No respectable man would enter the house of another without having first taken off his sandals, which are generally left at the door, or taken inside by a servant.
VI. 9. -“ Anguish of spirit.” The Hebrew has, for
anguish, “shortness or straitness.” Of a man in deep distress it is said, “ Ah ! his mind is made strait, very narrow, pressed into a small compass.”
Thus did the Egyptians make strait the spirit of the children of Israel
VII. 1. — “ I have made thee a god to Pharaoh.” A man who is afraid to
of a king, or a governor, or a great man, will seek an interview with the
minister, or some principal character; and should he be much alarmed, it will be said, “ Fear not, friend ; I will make you as a god to the king.” “ What ! are you afraid of the collector ? fear not; you will be as a god to him.”
upstart was once much afraid of the great ones; but now he is like a god amongst them.”
66 Yes, yes;
VIII. 9. “ Moses said to Pharaoh, Glory over me;
when shall I entreat for thee, and for thy servants, and for thy people, to destroy the frogs from thee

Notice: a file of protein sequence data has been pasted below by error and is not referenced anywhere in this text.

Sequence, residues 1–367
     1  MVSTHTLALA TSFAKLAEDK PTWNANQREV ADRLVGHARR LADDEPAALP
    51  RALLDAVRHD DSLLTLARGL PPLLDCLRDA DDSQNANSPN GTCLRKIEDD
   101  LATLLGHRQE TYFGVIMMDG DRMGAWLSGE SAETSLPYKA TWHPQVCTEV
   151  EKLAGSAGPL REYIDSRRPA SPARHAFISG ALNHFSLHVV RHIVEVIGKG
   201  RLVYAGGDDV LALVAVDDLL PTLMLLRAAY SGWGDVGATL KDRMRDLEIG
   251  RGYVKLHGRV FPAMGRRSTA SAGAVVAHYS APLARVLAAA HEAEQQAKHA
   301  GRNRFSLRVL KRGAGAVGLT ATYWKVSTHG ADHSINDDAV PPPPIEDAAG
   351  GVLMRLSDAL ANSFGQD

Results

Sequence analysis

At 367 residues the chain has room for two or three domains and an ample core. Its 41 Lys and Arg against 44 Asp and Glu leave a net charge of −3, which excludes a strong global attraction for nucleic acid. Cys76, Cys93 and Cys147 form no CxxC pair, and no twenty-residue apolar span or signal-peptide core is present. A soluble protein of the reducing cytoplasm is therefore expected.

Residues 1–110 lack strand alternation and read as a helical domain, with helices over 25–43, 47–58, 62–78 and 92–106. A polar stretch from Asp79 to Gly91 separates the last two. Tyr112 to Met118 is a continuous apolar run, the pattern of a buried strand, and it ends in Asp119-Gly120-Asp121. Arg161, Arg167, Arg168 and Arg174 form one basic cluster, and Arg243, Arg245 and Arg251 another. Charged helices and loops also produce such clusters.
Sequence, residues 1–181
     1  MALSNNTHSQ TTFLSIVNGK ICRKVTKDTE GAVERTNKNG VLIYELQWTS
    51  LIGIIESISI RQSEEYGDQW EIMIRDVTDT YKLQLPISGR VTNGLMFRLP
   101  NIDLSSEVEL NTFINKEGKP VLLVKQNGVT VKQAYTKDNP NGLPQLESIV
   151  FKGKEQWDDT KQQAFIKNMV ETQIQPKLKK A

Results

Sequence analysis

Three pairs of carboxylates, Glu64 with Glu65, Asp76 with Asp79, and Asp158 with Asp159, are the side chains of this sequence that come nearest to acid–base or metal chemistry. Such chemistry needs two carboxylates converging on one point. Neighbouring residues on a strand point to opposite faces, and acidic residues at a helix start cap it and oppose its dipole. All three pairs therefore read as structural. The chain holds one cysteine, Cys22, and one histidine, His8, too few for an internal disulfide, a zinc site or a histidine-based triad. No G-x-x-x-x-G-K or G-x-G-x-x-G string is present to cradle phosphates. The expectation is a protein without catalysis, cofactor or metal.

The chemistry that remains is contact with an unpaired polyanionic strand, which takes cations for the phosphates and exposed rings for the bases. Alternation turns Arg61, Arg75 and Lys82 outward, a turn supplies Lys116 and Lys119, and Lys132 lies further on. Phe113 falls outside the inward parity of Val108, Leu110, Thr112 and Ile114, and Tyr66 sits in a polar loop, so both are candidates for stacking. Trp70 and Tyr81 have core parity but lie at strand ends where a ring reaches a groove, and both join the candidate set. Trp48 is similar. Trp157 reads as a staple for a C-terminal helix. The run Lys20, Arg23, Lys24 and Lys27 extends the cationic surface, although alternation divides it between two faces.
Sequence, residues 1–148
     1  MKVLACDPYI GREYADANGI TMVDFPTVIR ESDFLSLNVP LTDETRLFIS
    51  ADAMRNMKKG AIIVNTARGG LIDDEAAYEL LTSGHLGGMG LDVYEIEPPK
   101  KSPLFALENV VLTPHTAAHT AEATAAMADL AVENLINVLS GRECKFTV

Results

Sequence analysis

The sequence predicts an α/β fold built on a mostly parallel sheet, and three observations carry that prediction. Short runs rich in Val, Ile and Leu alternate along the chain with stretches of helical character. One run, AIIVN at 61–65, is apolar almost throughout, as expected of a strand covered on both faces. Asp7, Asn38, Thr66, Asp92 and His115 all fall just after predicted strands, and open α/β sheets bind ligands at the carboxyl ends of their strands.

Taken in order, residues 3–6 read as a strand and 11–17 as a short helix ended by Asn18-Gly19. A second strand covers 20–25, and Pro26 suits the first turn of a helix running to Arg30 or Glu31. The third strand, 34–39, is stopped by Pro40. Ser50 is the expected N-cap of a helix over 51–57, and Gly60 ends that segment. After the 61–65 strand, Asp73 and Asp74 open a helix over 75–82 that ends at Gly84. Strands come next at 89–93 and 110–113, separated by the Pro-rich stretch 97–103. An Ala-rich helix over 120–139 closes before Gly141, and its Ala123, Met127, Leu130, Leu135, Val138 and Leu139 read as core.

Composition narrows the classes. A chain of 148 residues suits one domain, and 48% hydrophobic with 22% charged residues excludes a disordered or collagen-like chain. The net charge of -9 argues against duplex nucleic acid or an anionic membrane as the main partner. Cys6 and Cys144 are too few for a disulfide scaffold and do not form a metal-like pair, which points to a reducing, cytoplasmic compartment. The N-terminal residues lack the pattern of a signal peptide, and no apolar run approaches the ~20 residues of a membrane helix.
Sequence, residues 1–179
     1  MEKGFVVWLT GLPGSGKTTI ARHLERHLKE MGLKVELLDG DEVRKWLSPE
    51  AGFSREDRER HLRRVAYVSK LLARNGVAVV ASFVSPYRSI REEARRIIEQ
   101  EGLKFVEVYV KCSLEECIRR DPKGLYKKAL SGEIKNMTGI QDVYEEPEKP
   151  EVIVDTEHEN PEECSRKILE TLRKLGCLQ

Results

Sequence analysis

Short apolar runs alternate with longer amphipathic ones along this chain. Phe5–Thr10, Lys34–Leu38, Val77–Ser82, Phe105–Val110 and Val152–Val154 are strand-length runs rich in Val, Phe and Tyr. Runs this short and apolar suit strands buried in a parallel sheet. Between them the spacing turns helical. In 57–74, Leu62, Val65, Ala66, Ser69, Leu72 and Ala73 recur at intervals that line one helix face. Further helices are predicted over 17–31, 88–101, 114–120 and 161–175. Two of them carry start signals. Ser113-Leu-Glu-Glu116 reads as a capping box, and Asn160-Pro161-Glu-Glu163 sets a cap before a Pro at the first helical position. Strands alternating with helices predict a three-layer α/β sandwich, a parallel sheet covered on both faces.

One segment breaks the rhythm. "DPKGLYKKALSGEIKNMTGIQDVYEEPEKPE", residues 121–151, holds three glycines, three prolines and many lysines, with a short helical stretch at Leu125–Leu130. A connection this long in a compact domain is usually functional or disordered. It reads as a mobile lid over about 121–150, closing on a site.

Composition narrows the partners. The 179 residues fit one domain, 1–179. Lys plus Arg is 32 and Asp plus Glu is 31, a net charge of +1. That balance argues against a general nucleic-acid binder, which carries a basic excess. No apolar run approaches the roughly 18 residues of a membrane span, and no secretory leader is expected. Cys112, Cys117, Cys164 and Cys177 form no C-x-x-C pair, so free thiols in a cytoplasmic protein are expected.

and thy houses ?” The Margin has, for “glory,” “honour," and for “over me," “ against me."
Pharaoh had besought Moses to pray that the Lord might take away the frogs, and Moses wished the king to have the honour or glory (in preference to himself) of appointing a time when he should thus pray to the Lord to take them away. This was not only complimentary to Pharaoh, but it would have a strong tendency to convince him that the Lord had heard the prayer of Moses, because he himself had appointed the time.
The Tamul translation has this, “Let the honour be to you (or over me) to appoint a time when I shall pray.”
20. “ Stand before Pharaoh.” How simple ! how beautiful! The king, according to custom, was in the morning to go to the water, and the
prophet of the Lord was to stand before him ; first, to attract his attention; and secondly, to deliver the message of Jehovah.
IX. 8. — “Take to you handfuls of ashes of the furnace,
and let Moses sprinkle it toward the heaven.”
• Which is made from the original; and the genius of the language is every way more suited to the Hebrew, than ours. And nearly all the Orientalisms in the marginal references of the English Bible are inserted in the text of the Tamul translation.
When the magicians pronounce an imprecation on an individual, a village, or a country, they take ashes of cows' dung (or from a common fire), and throw them in the air, saying to the objects of their displeasure, such a sickness, or such a curse, shall surely come upon you.
X. 2. “ Tell in the ears of thy son.” When advice, or information, or reproof, is given, it is said, “ It was told in his ears." “ Why should I go again? I have told it in his ears a thousand times; he will not hear."